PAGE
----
I found this to be quite difficult at first as well. But since I enjoyed sharing things, whenever I had a new video, project, software, whatever, I would put it up and write a little paragraph of context/info/description. And that kept happening long enough that it started getting longer and longer, and now is fucking crazy.

I think an easy trap can also be to write how you think people write. As in, trying to write in an “academic” or “journalistic” tone. For one, it tends to not come off well (like seeing a super photoshopped picture), and often tends to distract from what you’re actually trying to say.

So with that I suggest just writing about whatever you find interesting. Whatever it was that inspired you to do (or not) a certain thing. Specific details, as @Ethan_Hein points out, can be quite useful too. Stuff that doesn’t seem immediately interesting, but is where you spend a lot of time, might actually be interesting to someone else.


For me, it’s helpful to try to remember that what we’re all doing is both Art and Craft. Art being the inspiration and ideas part and Craft being the implementation part.

They’re inherently intermingled but can usefully be considered from their own perspective.

I see a lot of writings and interviews in which the frequent post-gig conversation of “hey, what’s that gizmo you’re using?” is dismissed as gear fetishization or something, but it’s always felt like a reasonable line of inquiry to me.

It’s a much longer and deeper (and hopefully less public) conversation to dig into inner realms of inspiration, psychology, spirituality, and other drivers of the Art parts.

It’s lovely that we can engage with one another on both levels here. It’s a big part of what makes this place particularly special.


I can think of three things that help me here.

First - if you have nothing to say - write about that. Sit at your writing spot and write down, “I have nothing to say, there is nothing in my head, there is nothing that is verbalizable about my musical process…” Now answer - why - or how do you know - or what makes you feel that way? All of those are super interesting in my opinion.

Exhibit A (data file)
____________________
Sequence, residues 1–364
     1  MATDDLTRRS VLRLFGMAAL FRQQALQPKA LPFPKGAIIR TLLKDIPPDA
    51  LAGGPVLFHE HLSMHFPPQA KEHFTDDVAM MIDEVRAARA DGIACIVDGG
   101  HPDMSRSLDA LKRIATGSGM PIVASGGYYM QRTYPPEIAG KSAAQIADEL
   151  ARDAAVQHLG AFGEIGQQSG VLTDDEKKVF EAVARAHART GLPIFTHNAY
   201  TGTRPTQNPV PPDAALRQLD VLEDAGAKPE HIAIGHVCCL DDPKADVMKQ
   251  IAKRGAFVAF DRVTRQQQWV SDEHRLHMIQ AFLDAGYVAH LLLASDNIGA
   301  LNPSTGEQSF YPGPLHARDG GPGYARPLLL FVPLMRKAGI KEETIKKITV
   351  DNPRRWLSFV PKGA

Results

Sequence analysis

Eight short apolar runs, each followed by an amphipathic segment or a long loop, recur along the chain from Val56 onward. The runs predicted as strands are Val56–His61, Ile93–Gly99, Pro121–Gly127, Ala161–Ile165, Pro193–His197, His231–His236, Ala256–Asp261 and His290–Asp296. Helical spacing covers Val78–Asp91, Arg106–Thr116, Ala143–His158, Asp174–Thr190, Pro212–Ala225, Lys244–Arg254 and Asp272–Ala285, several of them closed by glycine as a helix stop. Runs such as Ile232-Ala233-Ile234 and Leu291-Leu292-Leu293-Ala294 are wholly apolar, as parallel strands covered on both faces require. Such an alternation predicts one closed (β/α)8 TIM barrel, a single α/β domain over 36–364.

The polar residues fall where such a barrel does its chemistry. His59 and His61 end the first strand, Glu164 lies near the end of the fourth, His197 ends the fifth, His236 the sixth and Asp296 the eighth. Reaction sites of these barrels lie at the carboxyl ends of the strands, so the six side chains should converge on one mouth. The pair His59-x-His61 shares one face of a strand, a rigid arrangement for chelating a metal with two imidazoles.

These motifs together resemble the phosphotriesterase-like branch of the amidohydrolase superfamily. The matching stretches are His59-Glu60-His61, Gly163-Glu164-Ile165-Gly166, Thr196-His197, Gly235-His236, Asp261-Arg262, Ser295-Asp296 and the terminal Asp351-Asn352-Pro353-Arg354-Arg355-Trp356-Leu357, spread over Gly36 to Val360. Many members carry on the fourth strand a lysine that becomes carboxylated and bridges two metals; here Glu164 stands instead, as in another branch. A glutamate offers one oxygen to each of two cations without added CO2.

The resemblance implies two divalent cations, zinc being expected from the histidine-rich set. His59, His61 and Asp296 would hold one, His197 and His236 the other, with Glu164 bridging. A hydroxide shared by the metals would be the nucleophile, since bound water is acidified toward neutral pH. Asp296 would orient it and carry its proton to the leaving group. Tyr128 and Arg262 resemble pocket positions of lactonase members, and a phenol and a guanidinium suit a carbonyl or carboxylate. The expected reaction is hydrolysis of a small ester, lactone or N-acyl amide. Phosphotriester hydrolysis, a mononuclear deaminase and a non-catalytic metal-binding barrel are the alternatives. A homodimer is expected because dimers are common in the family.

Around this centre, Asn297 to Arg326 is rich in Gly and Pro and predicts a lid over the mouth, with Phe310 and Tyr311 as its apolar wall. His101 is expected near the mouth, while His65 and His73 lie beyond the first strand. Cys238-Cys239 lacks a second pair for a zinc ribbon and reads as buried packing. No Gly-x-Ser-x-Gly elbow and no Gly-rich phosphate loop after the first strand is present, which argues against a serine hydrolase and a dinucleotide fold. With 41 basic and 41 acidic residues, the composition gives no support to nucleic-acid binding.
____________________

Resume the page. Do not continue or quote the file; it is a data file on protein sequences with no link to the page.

Second - listen to your music and, while listening, write a response to it.

Third - and this can be used in conjunction to the above or with anything really - write a response to what you wrote. I find having a conversation with myself through writing to be very insightful. Do I disagree with my yesterday’s assertions? Is there in fact more subtlety to what I initially observed? The art of re-writing - even a single sentence or a single word - is fascinating in my experience. Also when you do this - you get as a byproduct a record of your thought process which might be really interesting for us outsiders (of your experience) to read.

one more - the writing mise en place is super important to me. When I write at a computer I find my writing more disjoint, discombobulated, and I make more logical jumps than might be useful to the reader. When I write with pen and pepper a single thought mind is much easier to flow and that slowness also gives me time to more carefully choose my words. I find my pen/paper writing more honest to myself and what I intend to convey. My computer writing is usually more complex/intellectual - at least what comes most easy. I am interested in investigating a typewriter to see what differences are there but I haven’t had the opportunity to.


yea - this is a recipe for good art making in my opinion - the art of leaving things unsaid/undone - but perhaps through that lack a reference can be created in the mind of the experiencer.

1 Like

Bela Lugosi is said (unsaid unsaid).

I don’t know why Bauhaus popped into my head just then. It happens.

Hardest thing about writing is the blank page. So fill it up. Start with white noise (whatever comes to mind) and then filter (edit) it.

Great writers keep writing separate from editing. If you can do that, it becomes possible to turn the writing part into almost a form of logorrhea, words just spilling over each other into the page in a mad rushed jumble. This isn’t the text that will get published, this is the text that banishes the blank page.

Sound designers do this too. Look up ill Gates or Mr. Bill talking about “mudpies”. It’s just a track of random weird noises that you end harvest samples from and refining later.